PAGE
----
‘I Am the Old and the New’ by John Mawurnd­jul


No­table men­tions

Mikala Dwyer: a shape of thought (aGnsw)

Mutlu Cerkez: 1988-2065 (mUma)

Colony (nGV)

Pa­tri­cia Pic­cinini: Cu­ri­ous Crea­tures (Goma) John Mawurnd­jul is one of the great­est Aus­tralian artists of our era, no need to add the qual­i­fier “Indige­nous”. From his youth in still tra­di­tional Kun­in­jku lands in Western Arn­hem Land, where he dis­played a pre­co­cious un­der­stand­ing and ex­e­cu­tion of tra­di­tional arts, to his cos­mopoli­tan ease in the art gal­leries of the world to­day, he has been a great am­bas­sador for his coun­try and peo­ple.

In that time, Mawurnd­jul made a bril­liant tran­si­tion from de­pict­ing sig­nif­i­cant flora and fauna, an­ces­tral his­tory, the su­per­nat­u­ral and the cer­e­mo­nial, to a lu­mi­nous ab­strac­tion that still pays obei­sance to his tra­di­tions. He con­tin­ues to live on the tra­di­tional lands of his peo­ple, and to re­spect the pro­to­cols of the duwa moi­ety to which he be­longs, even as he reaches for hu­man uni­ver­sal­ity.

He re­tains the rarrk, or crosshatch­ing, that marks this home­land’s art – whether he’s deal­ing with the cer­e­mo­nial, the sym­bolic or the purely dec­o­ra­tive, as in the West – but has shifted from the fig­u­ra­tive to the ab­stract. Themes in­clude the Rain­bow Ser­pent, Mimih spir­its, fish and tur­tles and mar­su­pi­als, the beau­ti­ful and ubiq­ui­tous lo­cal wa­terlilies and much more. In­creas­ingly as he ages, the sa­cred Mar­dayin cer­e­mony looms large. Though his “can­vas” is still largely bark, he has also worked with sculp­ture and etch­ings.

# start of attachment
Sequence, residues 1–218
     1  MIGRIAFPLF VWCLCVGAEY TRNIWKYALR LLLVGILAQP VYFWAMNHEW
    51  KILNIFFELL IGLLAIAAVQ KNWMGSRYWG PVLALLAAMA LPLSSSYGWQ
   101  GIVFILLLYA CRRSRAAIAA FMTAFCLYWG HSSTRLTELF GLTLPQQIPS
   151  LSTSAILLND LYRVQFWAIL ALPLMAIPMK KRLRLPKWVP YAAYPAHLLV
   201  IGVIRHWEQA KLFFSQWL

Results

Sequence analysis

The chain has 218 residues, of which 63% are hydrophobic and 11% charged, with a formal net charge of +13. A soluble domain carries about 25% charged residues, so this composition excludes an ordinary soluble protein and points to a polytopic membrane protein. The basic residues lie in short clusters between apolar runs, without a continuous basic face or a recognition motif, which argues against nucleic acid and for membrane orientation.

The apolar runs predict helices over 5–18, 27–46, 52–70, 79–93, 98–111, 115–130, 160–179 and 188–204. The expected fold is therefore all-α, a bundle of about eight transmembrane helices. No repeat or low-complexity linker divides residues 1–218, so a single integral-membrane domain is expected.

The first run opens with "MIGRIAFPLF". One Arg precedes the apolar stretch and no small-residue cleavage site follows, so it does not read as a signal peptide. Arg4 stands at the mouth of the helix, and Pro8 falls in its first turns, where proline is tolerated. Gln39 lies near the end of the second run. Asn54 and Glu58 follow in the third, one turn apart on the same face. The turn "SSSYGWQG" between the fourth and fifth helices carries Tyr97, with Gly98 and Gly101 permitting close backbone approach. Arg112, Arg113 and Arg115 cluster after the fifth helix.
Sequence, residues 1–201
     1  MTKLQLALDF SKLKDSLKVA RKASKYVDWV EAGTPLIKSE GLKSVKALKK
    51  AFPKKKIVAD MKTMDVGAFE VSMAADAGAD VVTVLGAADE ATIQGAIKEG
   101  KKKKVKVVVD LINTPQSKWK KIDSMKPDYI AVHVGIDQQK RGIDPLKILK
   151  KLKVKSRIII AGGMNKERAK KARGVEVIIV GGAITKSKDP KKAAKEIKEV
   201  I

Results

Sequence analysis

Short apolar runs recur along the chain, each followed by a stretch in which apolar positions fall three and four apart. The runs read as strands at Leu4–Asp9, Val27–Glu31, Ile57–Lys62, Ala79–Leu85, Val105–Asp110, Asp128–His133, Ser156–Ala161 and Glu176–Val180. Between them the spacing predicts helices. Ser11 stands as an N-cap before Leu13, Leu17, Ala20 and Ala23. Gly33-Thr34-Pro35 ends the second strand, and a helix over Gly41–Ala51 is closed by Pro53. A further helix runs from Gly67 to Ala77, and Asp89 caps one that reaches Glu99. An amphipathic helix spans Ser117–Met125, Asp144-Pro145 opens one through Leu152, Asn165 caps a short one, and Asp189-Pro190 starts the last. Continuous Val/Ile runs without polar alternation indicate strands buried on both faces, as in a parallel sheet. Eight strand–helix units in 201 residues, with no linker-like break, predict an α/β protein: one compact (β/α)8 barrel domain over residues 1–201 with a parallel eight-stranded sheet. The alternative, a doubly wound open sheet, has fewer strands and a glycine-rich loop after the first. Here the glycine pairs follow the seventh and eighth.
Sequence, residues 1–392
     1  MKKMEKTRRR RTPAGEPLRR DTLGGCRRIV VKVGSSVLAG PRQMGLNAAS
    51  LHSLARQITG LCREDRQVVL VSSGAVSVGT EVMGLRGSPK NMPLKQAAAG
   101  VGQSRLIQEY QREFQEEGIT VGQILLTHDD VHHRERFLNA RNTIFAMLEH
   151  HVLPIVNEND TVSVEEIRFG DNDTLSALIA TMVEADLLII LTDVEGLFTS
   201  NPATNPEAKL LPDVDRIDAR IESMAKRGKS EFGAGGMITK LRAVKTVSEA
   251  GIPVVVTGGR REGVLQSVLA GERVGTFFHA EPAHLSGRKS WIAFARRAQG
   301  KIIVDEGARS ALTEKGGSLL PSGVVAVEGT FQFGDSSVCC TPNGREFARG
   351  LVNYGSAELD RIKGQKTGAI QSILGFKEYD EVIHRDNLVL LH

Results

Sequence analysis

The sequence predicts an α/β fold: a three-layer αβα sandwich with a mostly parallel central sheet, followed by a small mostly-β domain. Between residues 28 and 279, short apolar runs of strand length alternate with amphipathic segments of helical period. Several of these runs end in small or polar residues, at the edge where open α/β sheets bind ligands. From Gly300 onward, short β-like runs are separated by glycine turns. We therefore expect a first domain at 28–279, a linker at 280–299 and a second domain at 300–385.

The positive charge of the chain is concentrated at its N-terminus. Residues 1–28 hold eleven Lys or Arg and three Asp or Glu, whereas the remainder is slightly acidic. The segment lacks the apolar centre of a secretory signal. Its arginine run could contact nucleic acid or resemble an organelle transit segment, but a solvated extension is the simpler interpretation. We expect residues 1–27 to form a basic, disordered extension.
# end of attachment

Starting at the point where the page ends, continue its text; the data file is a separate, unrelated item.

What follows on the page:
This large-scale ret­ro­spec­tive of his work, co-cu­rated by the Mu­seum of Con­tem­po­rary Art in Syd­ney and the Art Gallery of South Aus­tralia, moves to Ade­laide this month. It rep­re­sents not only the cre­ative jour­ney of a great artist but also the pos­i­tive as­pects of Indige­nous in­ter­sec­tion with ba­landa cul­ture. That Mawurnd­jul and his peo­ple con­tinue to suf­fer so­cially and po­lit­i­cally un­der fed­eral gov­ern­ment in­ter­ven­tions in their an­ces­tral lands makes for bit­ter­sweet back­ground knowl­edge.

The ex­hi­bi­tion cat­a­logue – bril­liantly writ­ten, elo­quently il­lus­trated and beau­ti­fully pro­duced – is more than a me­mento. It stands in its own right as a mag­nif­i­cent tes­ta­ment to Mawurnd­jul’s time on earth.

Miriam Cosic

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